Pedroia, the 2007 AL Rookie of the Year, has averages of just 15 home runs and 78 RBI’s in nine MLB seasons, but he’s a two-time World Champion and his 2008 AL MVP Award, four All-Star nods and three Gold Glove awards exhibit the total magnitude of his impact. He’s garnered the coveted tag of being a “clutch” player. Most savvy baseball heads and sabermetrics soldiers would give Pedroia the edge in speed, defense and intangibles, although the D is a wash to me. Cano is mega-nasty with the leather and he covers more ground with less exertion of energy. Dustin has a body count glove though, without a doubt.
DP’s cut from the Pete Rose mold; maximize your talents through max effort. Rose is MLB’s all-time hits leader and repped the moniker, “Charlie Hustle.” Baseball nicknames don’t get much doper than that. He would bust it to first on everything, concuss poor catchers and spike shortstops Ty Cobb style, to break up double plays. Teammates tend to really respect a go-hard mentality. Athletes who recklessly sacrifice their bodies and bring pom poms to every battle quickly become fan favorites. They’re also usually less durable. Like Rose, Pedroia is known to go all out. Pedroia’s lauded as the ultimate scrapper and gamer. The undersized kid that nobody thought would rise to the top of the game.
Cano is cut from the Darryl Strawberry mold, only he’s much less vocal as a clubhouse leader than Straw was. However, on the field, like Crenshaw's Crusher, Cano is very laid back, confident in his abilities and nonchalant. His cool and the effortless way he plays the game is often misrepresented as “laziness” or “complacency.” Despite his mythical feats and celebrated five-tool arsenal, Mets fans and baseball bullies always wanted more from the 6-6, 215 pound freak. If he hit 39 homers, they craved 50. If he stole 38 bases, they craved 60. If he hit .288, they wanted .320. To top it off, they wanted him to hustle like he was a foot shorter.
Cano has always insisted that he has passion for the game and he hit some big homers for the Yankees and carried them through tough stretches when their most visible icons – guys such as Jeter and A-Rod—were going through an aging process. Cano’s been criticized many times for what appears to be a lack of hustle. Part of it is legit and much of it is hogwash. Fans always think that a player who kicks his bat when he strikes out or goes crazy in the dugout is trying to motivate other players and cares more about the game.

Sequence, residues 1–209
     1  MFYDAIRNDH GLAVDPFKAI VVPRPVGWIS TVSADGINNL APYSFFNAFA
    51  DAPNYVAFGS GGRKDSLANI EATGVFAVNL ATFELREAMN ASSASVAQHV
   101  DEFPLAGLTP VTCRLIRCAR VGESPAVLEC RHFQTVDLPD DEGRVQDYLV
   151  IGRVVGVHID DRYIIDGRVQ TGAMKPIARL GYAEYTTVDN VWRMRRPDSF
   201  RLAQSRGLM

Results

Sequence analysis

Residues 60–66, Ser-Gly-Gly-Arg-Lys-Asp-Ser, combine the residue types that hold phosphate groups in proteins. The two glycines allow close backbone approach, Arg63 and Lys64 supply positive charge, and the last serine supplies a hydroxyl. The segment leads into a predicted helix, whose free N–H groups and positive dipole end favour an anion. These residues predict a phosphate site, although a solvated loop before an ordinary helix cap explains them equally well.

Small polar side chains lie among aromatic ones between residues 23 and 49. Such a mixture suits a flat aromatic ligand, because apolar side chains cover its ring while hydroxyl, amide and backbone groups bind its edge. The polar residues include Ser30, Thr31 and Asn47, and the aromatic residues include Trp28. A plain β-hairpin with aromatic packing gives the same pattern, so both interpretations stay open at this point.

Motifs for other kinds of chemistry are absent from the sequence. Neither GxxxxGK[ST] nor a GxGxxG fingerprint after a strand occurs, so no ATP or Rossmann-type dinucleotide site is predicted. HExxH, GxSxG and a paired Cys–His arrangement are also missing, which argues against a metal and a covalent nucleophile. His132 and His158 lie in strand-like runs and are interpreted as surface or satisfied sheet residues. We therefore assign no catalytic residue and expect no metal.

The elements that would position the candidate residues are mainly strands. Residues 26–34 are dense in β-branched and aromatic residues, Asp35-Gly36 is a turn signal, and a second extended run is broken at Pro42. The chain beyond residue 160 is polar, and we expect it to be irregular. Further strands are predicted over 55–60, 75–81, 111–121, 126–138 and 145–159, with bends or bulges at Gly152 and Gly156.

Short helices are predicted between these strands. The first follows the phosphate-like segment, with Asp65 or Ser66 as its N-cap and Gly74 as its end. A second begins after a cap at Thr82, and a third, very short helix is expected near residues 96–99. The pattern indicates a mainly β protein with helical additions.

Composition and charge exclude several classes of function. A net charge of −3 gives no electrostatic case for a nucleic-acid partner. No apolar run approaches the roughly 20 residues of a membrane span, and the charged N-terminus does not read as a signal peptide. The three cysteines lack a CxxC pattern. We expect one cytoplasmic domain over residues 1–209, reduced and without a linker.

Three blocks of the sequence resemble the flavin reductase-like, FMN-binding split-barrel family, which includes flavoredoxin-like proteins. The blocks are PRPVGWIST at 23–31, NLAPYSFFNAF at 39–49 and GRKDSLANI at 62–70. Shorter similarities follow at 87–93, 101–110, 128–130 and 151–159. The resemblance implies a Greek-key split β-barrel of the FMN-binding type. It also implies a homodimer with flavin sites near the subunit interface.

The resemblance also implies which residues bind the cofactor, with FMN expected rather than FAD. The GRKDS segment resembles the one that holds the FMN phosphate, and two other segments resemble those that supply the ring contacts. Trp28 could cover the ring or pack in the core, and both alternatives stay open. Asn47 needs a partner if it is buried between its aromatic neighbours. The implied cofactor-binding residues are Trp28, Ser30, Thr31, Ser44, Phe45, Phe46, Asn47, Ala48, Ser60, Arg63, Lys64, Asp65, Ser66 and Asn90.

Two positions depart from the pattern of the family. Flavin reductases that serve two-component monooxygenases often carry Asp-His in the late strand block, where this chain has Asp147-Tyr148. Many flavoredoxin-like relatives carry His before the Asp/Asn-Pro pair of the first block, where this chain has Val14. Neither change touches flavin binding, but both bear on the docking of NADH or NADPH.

“Scrappy” is never used to describe a guy who has off the charts skills but isn’t an overly emotional guy. Critics say he’s not being a leader. Not being vocal enough.
Cano's vibe must have really bothered Mo during his time with the Yankees, but Rivera never publicly demeaned a teammate or questioned his squad’s heart when he was a player. I question why he would go at one of MLB’s superstars after he’s already left the stable and has an unblemished rep for being a class act.
To discredit Cano’s decade of dominance at his position is kind of foul. Every player is different. Everyone’s personality is different. Sports culture puts so much pressure on athletes to act in a certain manner. The way an athlete reacts or fails to react in a certain situation can permanently affect everyone’s perception of that athlete as a person and a player.
To be considered a more naturally-talented player is a gift and a curse. Managers and executives might draft you higher and pay you more, but the expectations from the baseball community will be heavy. A 6-0, 210-pound prospect can’t impress people as easily as a 5-8, 165-pound Pedroia can. Anything the player with the glaring physical tools accomplishes will almost be expected. Greedy, thirsty baseball heads will always want more from a player with “unlimited” potential. That’s a coffin word in my MLB book. When a player gets hit with that tag, nothing he does will ever be enough.
Cano probably assumed Mo knew the difference between a guy that was “dogging it” and a player who is just smooth like butter baby.
As we await Cano’s reaction to Mo’s first post-Yankees career cutter, it’s good to see that the Yankees are in first-place and a former player is opening up like Jose Canseco talking steroids in MLB. It’s business as usual. Then again, Jose was trying to sell a book at the time too, so if I was Cano I wouldn’t pay Mo no mind.